Jed – Verlie, how do you feel about this?
Verlie – when you say most people in Hammond were outraged about her appointment are those same people outraged that you’re going to close the court or are they in favor of that?
Mayor – Verlie, being in the Mayor’s office is a barometer of if people are upset or people are angry. I called up after the first day this story went public and I asked my assistant, Eva, “are you guys getting a lot of phone calls?”, and Eva informed me that they had 6 calls supporting my decision to close the court. That was after the first day. I haven’t checked in recently and I’ll be honest with you I have friends like the caller George, I like George. I see George at all the council meetings and I know he’s not happy with me on this decision and that makes me sad, it really does. But, I have to represent what I think are Hammond’s best interests and in 2020 when these tax caps go away in Lake and St. Joseph Counties, we’re going to go to 1-2-3 instead of 1.5, 2.5 and 3.5 and that’s the real deal that’s coming in 2020. We have to start preparing for that. That’s going to be another 2 or 3 million out of our budget that we’re going to lose to the tax caps. So this is a good fiscal move and I want to point out that Ms. Jorgensen is going to be the judge during the entire term. We’re hoping to have all the cases done by 2018 but, quite frankly, it could easily take into 2019. We are not challenging her. We’re not asking her to stepdown, she will be the judge for the next three years.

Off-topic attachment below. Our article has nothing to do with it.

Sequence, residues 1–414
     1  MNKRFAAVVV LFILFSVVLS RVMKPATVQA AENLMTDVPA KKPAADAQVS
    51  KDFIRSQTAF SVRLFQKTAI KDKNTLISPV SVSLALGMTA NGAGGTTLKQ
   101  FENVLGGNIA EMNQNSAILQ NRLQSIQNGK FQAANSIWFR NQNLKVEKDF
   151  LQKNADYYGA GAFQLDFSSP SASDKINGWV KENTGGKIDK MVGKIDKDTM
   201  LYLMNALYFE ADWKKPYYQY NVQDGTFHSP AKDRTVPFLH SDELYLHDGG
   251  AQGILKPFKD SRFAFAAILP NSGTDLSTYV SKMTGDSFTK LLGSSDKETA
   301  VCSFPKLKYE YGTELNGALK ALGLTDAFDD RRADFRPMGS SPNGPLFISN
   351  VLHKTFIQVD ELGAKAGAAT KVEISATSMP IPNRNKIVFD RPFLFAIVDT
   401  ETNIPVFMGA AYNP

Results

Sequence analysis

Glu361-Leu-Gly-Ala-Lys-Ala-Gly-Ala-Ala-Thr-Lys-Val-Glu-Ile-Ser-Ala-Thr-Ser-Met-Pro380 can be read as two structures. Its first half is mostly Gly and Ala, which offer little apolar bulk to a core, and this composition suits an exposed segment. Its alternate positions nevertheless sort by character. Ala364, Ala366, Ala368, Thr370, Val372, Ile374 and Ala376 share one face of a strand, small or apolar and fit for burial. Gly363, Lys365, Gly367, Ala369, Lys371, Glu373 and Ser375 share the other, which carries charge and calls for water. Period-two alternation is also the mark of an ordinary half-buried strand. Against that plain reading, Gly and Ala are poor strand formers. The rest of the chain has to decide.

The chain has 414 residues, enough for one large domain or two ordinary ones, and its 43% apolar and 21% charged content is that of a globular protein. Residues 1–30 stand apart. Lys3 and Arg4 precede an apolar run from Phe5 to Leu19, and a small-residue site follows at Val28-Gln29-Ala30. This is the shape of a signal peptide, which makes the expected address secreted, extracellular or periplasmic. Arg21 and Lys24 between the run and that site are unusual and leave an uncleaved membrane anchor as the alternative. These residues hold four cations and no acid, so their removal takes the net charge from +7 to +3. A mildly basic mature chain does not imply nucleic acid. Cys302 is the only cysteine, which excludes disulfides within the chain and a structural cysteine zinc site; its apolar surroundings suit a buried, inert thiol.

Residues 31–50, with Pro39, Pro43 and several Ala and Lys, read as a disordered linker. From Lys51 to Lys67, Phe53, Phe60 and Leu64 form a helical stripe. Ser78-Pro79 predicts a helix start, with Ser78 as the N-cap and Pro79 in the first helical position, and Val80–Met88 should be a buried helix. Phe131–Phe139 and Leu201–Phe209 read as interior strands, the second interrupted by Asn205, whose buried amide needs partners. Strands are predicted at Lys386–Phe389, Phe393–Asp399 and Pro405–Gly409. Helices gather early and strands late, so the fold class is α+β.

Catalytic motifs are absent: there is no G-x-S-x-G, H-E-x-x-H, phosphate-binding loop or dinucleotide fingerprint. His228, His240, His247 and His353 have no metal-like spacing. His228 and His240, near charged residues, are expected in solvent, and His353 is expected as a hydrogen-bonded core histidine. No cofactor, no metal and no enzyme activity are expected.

Jed – Mayor I got a text here. I got a whole bunch of texts coming in right now. But one of them says this is all BS. If a democrat was appointed, this wouldn’t be happening. What do you say to that comment?
Mayor – Judge Kray was in there. We were having these meetings when Judge Kray was in there because we knew that Judge Kray didn’t plan to run for re-election and I planned to do this with Judge Kray in there. By the way, Judge Kray was doing a fine job. But when Judge Kray was in there, we were meeting on this discussing the very same thing. I’ve had multiple conversations with multiple people over the years including Clerk Golec, including Judge Pera, Judge Villalpando, Bernie Carter, I’ve talked to multiple people about this over the years. I know a lot of people publicly are surprised. People that are in “the know” weren’t surprised by this development.
Verlie – When is the city council going to discuss this?
Mayor – First and second reading will be next week and then we only have one meeting in December so we won’t have this issue resolved until early January at the soonest.